The Spectacularly Multi-lingual Europeans

June 2012 

Madrid, with its ubiquitous jamon (ham), is a culinary obstacle course for vegetarians. On my first day in Spain’s vibrant capital, I set off from my hotel near Plaza del Sol for a vegetarian cafe I had found online. Here, I encountered my first linguistic surprise -- the Asian waitstaff greeted me in flawlessly charming Spanish. Asians speaking Spanish? An unexpected discovery, but naturally, immigrants learn the language of their new communities, whatever it may be.

The following week in Italy, I met Africans speaking exquisite Italian and chatted with a Maldovian immigrant working at the pensione where I stayed in Venice. While she spoiled me with espresso and cornetti, she recounted in her newly acquired Italian how she had struggled to find her way among the meandering calli of Venice without being able to ask for directions.

Surprise #2 was observing how amazingly multi-lingual many native Europeans are. In Europe, 44% of citizens speak multiple languages, while in the U.S., the number is closer to 10%. My Italian friend Elle, who lives among the prosecco vineyards of the Veneto, speaks Italian, German, and English. She is teaching all three to her two young children. One week, Elle speaks to them only in German, the next in English. The youngsters learn Italian from nonna (grandma) and in school. Fortunately for me, the household was speaking English during my visit.

At an outdoor cafe across from Madrid’s Reina Sofia Museum, I sipped a cortado and sampled a tortilla (an omelette in Spain) after admiring Picasso’s Guernica. The Frenchmen at the next table drank beer and switched effortlessly from French to Spanish when the waiter approached. They proceeded to order their meals in perfectly enunciated Spanish.

Everywhere I went in Spain and Italy, the residents’ command of multiple languages impressed me. Josef, the Barcelona-born guide on my delightful bus tour of Andalucia, could effortlessly chat with me in either Spanish or English about the contributions of the Moors and Jews to Spain’s culture before being ousted by the Catholics. But when Josef counted our heads to make sure we were all back on the bus, he said, “un, dos, tres, quatre, cinc...” He instinctively reverted to Catalan, his native tongue and the language of Spain’s northern region of Catalonia. Before planning my visit to Spain, I didn’t even know such a language existed. However, Josef insisted that German was the superior language for its precision and the beauty of its poetry.

I was also intrigued to learn of my friend Elle’s preference for English. At her house, I noticed that her To-Do list was written in English -- the third language she learned and polished while living in California. Perche? I asked her. She explained that she learned Italian from birth and German at school when her mother relocated for a better job. English, however, was the language Elle had chosen to learn. Then she said something that I can’t stop reflecting upon...English was her language of refuge. To Elle, English is moderate -- comfortably situated between the formality of German and the casual, imprecise inclination of Italian.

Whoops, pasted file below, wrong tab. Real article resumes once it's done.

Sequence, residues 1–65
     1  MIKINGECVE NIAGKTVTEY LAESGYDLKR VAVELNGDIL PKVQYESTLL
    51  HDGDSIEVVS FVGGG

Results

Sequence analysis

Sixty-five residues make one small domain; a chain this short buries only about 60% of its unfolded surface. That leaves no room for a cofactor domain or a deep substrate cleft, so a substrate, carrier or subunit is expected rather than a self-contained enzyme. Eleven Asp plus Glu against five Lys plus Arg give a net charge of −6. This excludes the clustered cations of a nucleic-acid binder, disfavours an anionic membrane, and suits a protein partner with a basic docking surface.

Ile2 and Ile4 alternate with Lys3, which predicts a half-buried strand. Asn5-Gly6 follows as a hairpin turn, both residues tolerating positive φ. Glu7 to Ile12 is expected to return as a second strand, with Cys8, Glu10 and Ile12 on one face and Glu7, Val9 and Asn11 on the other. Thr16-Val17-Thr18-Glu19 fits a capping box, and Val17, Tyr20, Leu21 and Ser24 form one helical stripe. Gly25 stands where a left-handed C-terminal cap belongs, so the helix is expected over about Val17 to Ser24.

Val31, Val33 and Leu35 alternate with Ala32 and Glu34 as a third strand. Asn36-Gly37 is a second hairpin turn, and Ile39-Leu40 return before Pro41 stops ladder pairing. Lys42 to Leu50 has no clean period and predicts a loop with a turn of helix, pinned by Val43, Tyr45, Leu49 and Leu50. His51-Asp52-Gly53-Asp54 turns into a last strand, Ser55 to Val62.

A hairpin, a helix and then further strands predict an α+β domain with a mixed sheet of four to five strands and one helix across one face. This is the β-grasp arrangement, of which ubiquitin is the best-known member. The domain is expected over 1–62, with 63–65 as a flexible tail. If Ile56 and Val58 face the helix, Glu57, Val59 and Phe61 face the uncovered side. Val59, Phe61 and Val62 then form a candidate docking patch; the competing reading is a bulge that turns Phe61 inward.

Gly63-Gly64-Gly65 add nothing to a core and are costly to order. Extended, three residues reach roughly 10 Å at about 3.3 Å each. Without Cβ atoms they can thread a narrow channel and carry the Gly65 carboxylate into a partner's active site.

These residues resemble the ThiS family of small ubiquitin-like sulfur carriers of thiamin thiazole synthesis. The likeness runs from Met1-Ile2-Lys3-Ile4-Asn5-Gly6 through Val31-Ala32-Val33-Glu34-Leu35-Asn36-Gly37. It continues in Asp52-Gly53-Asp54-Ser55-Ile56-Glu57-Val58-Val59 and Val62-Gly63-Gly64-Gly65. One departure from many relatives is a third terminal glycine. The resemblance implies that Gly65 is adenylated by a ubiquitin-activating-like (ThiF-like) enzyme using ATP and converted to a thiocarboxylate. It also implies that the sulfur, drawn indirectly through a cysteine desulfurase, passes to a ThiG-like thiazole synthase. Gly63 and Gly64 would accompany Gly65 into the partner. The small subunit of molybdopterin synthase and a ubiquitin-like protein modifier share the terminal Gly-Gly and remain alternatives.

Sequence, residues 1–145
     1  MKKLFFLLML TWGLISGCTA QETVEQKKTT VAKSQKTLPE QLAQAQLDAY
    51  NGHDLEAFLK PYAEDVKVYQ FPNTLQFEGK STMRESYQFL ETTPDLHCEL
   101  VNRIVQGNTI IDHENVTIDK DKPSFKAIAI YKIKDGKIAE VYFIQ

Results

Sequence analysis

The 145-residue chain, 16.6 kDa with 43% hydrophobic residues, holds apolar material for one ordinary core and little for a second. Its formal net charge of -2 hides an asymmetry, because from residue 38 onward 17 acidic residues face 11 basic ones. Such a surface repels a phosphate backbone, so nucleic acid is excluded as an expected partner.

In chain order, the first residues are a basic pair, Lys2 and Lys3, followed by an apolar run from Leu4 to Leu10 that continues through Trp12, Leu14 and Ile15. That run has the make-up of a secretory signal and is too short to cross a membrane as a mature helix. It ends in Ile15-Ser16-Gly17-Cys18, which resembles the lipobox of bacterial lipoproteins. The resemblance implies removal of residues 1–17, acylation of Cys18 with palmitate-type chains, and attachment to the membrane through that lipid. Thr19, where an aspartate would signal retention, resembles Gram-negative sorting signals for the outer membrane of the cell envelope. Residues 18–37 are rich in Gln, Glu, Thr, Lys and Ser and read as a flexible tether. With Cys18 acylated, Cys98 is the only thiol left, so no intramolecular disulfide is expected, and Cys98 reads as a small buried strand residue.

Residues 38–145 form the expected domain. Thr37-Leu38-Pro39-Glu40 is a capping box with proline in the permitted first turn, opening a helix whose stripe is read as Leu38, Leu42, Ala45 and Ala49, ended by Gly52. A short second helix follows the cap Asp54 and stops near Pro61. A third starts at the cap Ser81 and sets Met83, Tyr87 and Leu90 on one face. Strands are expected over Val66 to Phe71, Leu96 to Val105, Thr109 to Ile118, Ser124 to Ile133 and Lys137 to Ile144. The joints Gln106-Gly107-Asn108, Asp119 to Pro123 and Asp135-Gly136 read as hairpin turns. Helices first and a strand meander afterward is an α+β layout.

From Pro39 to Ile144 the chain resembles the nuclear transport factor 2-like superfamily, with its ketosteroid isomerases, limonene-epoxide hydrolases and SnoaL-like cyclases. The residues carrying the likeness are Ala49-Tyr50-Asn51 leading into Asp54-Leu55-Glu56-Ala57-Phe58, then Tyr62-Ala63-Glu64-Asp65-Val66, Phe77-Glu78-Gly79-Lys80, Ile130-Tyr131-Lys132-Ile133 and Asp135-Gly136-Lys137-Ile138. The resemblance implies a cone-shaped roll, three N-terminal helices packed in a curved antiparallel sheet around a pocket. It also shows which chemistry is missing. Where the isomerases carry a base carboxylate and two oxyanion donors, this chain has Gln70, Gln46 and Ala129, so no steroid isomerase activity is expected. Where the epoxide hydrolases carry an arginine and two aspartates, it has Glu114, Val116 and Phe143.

As for me, my language of choice is Italian -- I’m learning it now as an adult for its sheer vocal beauty. It’s spoken in essentially one nation, so it is not a practical language to acquire. And yet, it’s the fifth most studied language among Americans, ahead of Chinese and Japanese. While I struggle with the verb conjugations -- a challenge in all romance languages-- I persist in my lessons because of Italian’s alluring charm. I cringe to think how tedious it is for immigrants to have to learn a language they are not passionate about. Their motivation is survival.

At a bar in Venice, I used my beginner’s Italian to order cicchetti (brushetta and sun-dried tomatoes wrapped in grilled eggplant).  The proprietor asked where I was from. “Sono Americana,” I said. He informed me that I spoke Italian with a Mexican accent. I had no idea my Spanish was seeping into my Italian pronunciation. C’est la vie.

Despite my clumsy words, traveling with some foreign vocabulary has ample rewards. It’s priceless to understand the gondoliers in a cafe in Venice giving each other back rubs, but clarifying for the teasing barista, “Solo amici,” -- just friends! How rich to understand the graffiti scrawled across a bank in Granada: Ladrones - (Thieves.)

Back in California, I practice my Italian with the Indian manager of Taj, who happens to have spent some years in Italy. How hard must it have been for a Punjabi speaker to learn a romance language, and later to learn English? I shall never again complain of conjugating verbs into the Passato Prossimo. For immigrants adopting a new home, a foreign language is a bridge to a better life and integration.

And as invigorating as it is to speak a foreign language while traveling, there is sweet solace in retreating to one’s native tongue. I recall the welcoming embrace I felt when I sat next to fellow Californians on the train from Verona to Venice. After a week speaking Spanish in Spain and a hectic day of negotiating airports, shuttle buses, and train stations with my limited Italian, speaking English with these American businessmen was comforting beyond words -- words spoken in any language. The link to home was as consoling as the moment I had spotted California poppies growing in the Alhambra gardens.